Thursday, October 24, 2013

Creating a NewBreed of MMA athletes

Fast Friday Five

Since we evolved to bipedal-ism, man has been grappling, punching, kicking, and choking in an effort to preserve ones self, to conquer, and to establish dominance  in competitive environments. As man evolved, combat evolved. As combat evolved and nations were formed, cultures needed entertainment. Culture without physical competition is.... BORING... and so evolved the need for sport. As sport evolved, man's want and will to win changed the way we prepared. This meant practicing harder and pushing ourselves to become stronger. Superheroes were born and along came Milo, the Kroton, who progressively got stronger by supporting a bull overhead. Milo shed light on two specific variables: Progressive overload will lead to adaptation...and...and...being big and strong can be boring. Seriously, what good is strength when one cant accurately transfer or showcase it quickly, efficiently and do so over a considerable period of time, day in and day out. Today's athletes keep evolving, natural selection will always hold true. We now find ourselves  in a Golden Age of Strength and Conditioning in which forward thinkers, awesome ( readily available) research, and powerful motivators can literally change an athlete or a fighters identity for the better.

Coach Giff's 5 Principles of NX Level Fight Crew Training

1. Physical strength (absolute, general, maximal, relative) is the biggest confidence builder known to man. As rock star strength coach Mark Rippetoe once said, "Strong people are harder to kill than weak people. And more useful in general." Truer words may have never been spoken when it comes to the MMA athlete. Why couldn't an MMA woman with superior skills stand a chance with an NFL linebacker in the octagon--slabs of muscle and strength. Strength plays such a crucial roll in grappling (grip/opponent command), in striking (punching and kicking speed/power comes from strength) and in the ability to resist fatigue (relative body strength = improved work capacity and neuro-muscular efficiency). My fight crew performs at least three max effort exercises a week to improve their strength reserves. We Push/ Pull for the upper-body (Horizontal presses-DB Floor Press, Log Press, Board Benching Fat/ Horizontal Rowing or Vertical Pulling- Fat Bar Pendlays/ T Bars & Heavy Chins) and we also squat or perform dead-lifts for our lower half (goblet squats, zercher's, front squats, safety bar squats, trap bar dead's, sumo's, conventional, etc). As far as programming strength- think low reps (5/3/1), demand the intent of bar speed is always present, and understand these guys are being put through the ringer elsewhere and limit volume and intensity---save the athlete for singles week!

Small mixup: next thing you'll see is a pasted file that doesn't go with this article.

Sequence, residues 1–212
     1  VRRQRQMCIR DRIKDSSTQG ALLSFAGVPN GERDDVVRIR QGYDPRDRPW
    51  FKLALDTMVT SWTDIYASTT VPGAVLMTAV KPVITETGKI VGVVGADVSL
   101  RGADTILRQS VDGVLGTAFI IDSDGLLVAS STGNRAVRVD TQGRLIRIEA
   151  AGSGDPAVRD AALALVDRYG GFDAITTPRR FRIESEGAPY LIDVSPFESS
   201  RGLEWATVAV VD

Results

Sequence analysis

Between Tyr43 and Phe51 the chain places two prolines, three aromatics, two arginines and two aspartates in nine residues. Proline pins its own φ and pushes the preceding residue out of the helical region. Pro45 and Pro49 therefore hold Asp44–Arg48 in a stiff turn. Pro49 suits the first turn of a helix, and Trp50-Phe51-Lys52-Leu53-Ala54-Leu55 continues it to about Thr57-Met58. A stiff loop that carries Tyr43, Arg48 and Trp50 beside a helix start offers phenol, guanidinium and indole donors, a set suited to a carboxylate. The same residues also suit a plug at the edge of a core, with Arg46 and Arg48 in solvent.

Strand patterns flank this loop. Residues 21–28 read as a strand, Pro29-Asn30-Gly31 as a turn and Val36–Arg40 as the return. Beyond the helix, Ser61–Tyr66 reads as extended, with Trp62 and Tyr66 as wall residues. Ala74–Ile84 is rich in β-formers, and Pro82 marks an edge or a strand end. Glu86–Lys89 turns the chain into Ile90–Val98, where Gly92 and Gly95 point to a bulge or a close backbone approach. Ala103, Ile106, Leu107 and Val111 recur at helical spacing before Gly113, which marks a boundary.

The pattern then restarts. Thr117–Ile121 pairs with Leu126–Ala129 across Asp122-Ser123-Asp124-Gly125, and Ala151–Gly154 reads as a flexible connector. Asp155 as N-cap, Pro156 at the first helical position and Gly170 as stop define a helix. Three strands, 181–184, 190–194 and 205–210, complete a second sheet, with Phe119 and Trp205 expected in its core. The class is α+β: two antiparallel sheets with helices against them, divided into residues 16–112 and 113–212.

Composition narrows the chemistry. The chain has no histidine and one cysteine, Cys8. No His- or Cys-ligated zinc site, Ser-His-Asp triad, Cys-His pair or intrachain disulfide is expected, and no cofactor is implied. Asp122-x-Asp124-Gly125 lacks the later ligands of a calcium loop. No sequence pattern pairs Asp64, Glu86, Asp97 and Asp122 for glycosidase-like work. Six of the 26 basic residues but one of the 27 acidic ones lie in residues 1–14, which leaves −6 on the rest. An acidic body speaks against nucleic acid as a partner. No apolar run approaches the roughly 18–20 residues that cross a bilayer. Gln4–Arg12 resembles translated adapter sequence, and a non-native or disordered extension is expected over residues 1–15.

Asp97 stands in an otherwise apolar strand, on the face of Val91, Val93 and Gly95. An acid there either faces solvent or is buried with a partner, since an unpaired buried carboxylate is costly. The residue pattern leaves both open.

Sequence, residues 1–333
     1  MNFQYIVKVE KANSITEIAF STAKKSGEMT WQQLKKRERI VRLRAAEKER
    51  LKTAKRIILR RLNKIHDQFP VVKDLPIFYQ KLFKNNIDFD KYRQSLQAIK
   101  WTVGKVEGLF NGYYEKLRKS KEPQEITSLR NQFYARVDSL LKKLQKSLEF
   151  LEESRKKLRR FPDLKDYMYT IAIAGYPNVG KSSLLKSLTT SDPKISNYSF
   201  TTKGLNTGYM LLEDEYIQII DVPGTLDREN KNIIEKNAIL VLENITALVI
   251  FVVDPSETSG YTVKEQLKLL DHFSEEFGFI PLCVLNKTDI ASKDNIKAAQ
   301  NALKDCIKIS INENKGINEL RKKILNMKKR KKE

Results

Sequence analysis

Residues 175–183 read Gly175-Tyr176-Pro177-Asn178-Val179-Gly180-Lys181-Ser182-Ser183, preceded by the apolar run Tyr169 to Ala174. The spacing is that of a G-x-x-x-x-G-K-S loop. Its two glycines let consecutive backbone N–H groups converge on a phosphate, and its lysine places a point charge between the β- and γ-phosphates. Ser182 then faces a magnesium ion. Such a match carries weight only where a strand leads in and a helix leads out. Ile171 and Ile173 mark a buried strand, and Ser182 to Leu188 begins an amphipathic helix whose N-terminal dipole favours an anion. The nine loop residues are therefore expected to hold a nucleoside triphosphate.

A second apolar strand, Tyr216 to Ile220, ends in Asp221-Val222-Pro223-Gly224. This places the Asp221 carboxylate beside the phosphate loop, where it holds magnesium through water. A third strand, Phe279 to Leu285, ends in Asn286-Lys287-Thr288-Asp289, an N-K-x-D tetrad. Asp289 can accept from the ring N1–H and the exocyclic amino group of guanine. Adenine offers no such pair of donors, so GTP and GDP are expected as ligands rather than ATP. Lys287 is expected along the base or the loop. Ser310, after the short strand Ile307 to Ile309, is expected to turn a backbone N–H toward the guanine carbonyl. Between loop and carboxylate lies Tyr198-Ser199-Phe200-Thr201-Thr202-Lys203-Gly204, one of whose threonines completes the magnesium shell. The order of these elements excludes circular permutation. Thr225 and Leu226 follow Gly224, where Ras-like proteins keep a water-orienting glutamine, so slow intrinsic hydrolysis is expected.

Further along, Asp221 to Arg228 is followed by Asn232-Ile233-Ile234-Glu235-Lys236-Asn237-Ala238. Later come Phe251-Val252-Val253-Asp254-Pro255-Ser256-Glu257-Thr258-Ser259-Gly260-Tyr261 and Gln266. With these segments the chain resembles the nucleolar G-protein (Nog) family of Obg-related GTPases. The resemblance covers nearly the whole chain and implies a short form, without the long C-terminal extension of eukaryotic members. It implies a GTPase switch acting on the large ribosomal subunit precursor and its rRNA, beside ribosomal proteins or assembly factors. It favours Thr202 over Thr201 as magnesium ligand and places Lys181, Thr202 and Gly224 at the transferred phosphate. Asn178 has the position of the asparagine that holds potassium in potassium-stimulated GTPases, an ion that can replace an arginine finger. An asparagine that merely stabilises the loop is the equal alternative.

Pan Am's Brazilian Jiu Jitsu Champ Scott Huston and RFA Champ Mike Rhodes Pulling Big Weight

2. Movement efficiency is the name of the game at NX Level. Athletes need to have optimal structural alignment, soft tissue quality, mobility, and core stability to diminish energy leaks, ensure force production/absorption is maximized, and also increase work capacity and recovery. Our assessment is based off of postural alignment and the Functional Movement Screen and allows us to blueprint our athletes for asymmetries and deficiencies. Our "athletic machines" keep healthy and mobile by starting each workout with PVC pipe or LaX ball self myofascial release, manual ART, mobility, flexibility, and core stability. Fighters specifically need to pay attention to foot pro-nation (nasty posterior tib tightness), hip external rotation, anterior pelvic tilt, scapular protraction and shoulder internal rotation. Mobility and soft tissue quality is crucial here to restore alignment and regain optimal ranges of motion in ankles, hips, and shoulders.